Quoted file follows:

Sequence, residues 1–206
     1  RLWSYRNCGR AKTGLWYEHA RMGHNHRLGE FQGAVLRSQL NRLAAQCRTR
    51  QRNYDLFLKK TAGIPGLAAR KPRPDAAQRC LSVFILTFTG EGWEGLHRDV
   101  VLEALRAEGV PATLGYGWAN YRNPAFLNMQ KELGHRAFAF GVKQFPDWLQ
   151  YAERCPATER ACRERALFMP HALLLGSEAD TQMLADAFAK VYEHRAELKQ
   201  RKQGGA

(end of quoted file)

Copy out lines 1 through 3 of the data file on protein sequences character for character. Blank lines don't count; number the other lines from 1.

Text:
Sequence, residues 1–206
     1  RLWSYRNCGR AKTGLWYEHA RMGHNHRLGE FQGAVLRSQL NRLAAQCRTR
    51  QRNYDLFLKK TAGIPGLAAR KPRPDAAQRC LSVFILTFTG EGWEGLHRDV